It posted record results in 2015, but Emirates Airline saw a sharp drop in 2016 and has a disappointing financial outlook. Could one of the world’s fastest growing and boldest airlines be in a downward spiral, or is the current state able to be recovered?
Rise and Fall
How the mighty have fallen: Emirates Airline, which is a large part of the Dubai-based Emirates Group, owned by the United Arab Emirates government, saw abetween March-September 2016 and the same period in 2015. During that same time frame, profits for the entire Emirates Group fell 64%, with revenue up just 1%.
It’s a long way from the record results the airline posted in 2015. Emirates is known as being one of the most upscale airlines in the world, with the largest planes and the plushest accommodations. It also runs the longest non-strop route in the world, nearlybetween Dubai and Auckland.
The airline has seen tremendous growth since its humble beginnings in 1985 and has even bigger plans for the future as it continues to push the boundaries on size and luxury. Nearly everyone in the global aviation industry: no one is quite as big or as bold as Emirates. But that sentiment makes the recent financial struggles even more difficult to swallow.
Reason for the Slump
Such a steep and quick decline is unusual, but not unheard of. Management blames the slump on the strong dollar and a challenging operating environment. Although Emirates’ hometown of Dubai is relatively secure, the UAE is surrounded by war-torn and unstable countries like Yemen, Iraq, and Syria, and the uncertainty of the region, especially relating to travel, can creep in on Emirates.
Emirates Airline is also seeing increased competition from Qatar Airways and Etihad, which have both expanded their aircraft fleets and destination offerings. This comes amid a tough economic environment in many parts of the world, which has hurt travel demand and prices.
“Emirates is not immune from the challenges,”aviation industry expert John Strickland. “It has been particularly affected by lower demand in key oil markets, historically a source of strong premium traffic.”
However, if the environment was entirely to blame, it is reasonable to think that the slump would be felt across the entire regional airline space, but that isn’t the case. Both Etihad and Qatar Airways have seen respectable growth recently, with ain profits, respectively. Emirates is clearly facing some issues unique to its airline.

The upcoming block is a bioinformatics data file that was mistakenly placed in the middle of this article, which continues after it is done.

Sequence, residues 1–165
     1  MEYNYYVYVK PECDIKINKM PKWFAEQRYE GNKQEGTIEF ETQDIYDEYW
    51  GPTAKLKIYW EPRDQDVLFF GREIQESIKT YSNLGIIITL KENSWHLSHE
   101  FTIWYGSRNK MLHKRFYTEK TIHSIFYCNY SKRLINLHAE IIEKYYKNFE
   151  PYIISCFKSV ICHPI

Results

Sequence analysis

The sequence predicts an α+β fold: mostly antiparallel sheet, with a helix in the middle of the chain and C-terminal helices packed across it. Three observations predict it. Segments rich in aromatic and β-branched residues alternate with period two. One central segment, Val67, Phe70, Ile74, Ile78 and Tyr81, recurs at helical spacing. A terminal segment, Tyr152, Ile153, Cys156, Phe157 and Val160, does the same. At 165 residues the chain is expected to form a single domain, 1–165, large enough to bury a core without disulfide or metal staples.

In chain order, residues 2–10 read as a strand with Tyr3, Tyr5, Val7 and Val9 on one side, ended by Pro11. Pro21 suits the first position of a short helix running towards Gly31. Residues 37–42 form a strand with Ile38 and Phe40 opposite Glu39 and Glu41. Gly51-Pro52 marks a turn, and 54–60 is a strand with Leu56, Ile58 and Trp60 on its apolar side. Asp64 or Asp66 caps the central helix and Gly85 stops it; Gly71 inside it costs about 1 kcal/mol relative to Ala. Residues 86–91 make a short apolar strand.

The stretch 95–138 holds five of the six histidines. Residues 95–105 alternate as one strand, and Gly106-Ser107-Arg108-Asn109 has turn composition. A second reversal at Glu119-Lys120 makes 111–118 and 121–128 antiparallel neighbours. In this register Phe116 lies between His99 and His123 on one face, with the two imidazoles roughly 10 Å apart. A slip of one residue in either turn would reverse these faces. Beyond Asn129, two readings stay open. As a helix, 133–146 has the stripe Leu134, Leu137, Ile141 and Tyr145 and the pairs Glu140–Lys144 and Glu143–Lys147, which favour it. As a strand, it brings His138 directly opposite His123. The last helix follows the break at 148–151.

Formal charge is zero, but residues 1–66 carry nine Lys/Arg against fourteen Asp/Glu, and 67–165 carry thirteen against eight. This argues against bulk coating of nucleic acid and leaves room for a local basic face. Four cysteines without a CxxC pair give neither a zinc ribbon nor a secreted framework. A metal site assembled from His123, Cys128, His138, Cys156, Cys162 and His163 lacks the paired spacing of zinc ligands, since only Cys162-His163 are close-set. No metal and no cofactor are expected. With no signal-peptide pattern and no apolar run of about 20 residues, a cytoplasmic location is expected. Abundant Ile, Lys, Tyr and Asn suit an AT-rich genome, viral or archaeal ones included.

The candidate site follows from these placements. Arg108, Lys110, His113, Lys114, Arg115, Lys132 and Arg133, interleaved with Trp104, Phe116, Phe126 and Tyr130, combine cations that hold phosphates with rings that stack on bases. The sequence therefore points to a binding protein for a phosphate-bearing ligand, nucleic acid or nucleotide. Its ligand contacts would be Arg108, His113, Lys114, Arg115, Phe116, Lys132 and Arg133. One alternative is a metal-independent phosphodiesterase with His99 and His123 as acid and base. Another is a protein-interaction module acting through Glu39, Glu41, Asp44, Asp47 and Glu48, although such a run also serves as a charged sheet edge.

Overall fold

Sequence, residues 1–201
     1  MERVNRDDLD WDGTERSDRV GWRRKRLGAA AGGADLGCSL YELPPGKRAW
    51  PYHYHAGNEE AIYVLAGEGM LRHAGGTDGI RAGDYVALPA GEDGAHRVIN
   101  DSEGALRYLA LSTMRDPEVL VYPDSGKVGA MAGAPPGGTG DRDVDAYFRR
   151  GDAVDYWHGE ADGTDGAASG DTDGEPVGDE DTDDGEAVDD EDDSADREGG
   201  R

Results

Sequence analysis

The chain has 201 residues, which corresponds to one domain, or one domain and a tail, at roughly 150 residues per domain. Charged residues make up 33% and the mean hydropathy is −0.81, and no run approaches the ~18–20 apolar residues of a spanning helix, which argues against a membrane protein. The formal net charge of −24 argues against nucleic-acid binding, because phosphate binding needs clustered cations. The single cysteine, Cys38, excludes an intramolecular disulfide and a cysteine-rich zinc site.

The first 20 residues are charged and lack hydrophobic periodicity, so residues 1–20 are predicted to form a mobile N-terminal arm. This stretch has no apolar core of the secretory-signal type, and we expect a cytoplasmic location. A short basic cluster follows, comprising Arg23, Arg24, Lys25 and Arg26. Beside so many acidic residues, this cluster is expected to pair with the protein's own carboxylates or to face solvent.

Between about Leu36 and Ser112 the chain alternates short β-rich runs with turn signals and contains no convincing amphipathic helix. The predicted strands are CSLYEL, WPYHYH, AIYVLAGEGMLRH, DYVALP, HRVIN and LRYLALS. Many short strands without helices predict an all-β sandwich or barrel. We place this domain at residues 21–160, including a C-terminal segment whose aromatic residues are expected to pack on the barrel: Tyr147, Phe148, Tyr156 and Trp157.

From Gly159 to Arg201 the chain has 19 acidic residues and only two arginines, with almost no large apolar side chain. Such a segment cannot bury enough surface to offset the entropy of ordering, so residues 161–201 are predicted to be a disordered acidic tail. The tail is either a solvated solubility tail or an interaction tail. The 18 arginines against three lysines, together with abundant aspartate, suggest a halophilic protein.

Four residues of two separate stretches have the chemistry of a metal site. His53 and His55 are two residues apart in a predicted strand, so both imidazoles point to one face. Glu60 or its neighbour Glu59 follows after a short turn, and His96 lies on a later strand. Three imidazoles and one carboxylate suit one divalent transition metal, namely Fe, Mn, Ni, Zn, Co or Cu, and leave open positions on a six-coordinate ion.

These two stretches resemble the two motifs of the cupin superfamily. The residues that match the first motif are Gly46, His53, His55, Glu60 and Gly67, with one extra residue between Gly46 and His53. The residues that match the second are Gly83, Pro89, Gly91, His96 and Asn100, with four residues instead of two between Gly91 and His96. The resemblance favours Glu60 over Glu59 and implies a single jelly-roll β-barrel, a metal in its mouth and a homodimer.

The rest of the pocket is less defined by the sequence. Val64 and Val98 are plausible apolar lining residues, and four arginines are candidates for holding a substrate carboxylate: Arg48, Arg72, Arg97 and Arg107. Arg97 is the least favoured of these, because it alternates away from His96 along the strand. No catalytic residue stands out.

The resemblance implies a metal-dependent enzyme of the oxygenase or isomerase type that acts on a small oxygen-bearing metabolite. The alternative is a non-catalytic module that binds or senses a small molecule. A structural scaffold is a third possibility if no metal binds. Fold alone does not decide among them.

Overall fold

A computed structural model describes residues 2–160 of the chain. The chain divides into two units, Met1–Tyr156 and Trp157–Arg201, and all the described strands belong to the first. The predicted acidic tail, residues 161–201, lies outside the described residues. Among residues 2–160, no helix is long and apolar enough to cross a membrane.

Part of the reason for Emirates’ unique decline is the amount of money it has poured into growth and development lately. It recently repaid more thanand purchased 16 new wide-body aircraft.
An additional 20 new aircraft will be delivered in March as 27 older models in the current fleet are retired and replaced. Emirates’ strong growth has also put a target on its back: as it looks to expand its destinations in the U.S., it is facing increasing hostility andfrom the three main U.S. airlines to eliminate its “unfair subsidies.”
Emirates also stands out from its regional competitors because it has a lot riding on developing parts of the world. The airline took a gamble when it chose to focus onthroughout the Middle East, Africa, Southeast Asia, and Latin America. If those regions face economic difficulties or slowdowns, as some have recently, Emirates is sure to feel the effects.
The airline also faces the uncertainty of a Trump presidency in the U.S., as his feelings against immigrants, particularly Muslims, could have an unknown impact on global travel, especially to and through the Middle East.
The decline has caused major concern within Emirates and is on the top of the team’s mind. Airline chairman Sheikh Ahmed bin Said Al Maktoum, “The bleak global economic outlook appears to be the new norm, with no immediate resolution in sight… We know we have to work even harder for every customer, and make every dollar spent go even further.”
Plans to Right the Ship
For now, Emirates plans to continue its replacement of the current fleet, even amid financial troubles. The company will also look to expand its digital space and could look for new ways to add revenue to the company, including introducing a premium economy class, which airlines from the region have avoided doing for decades.
Emirates Airline’s financial struggles are difficult but not insurmountable. As the entire industry continues to be disrupted and the global region suffers through wars and trials, Emirates will continue to push, save, and work to improve its financial reports and prove it can still be the biggest and most luxurious airline.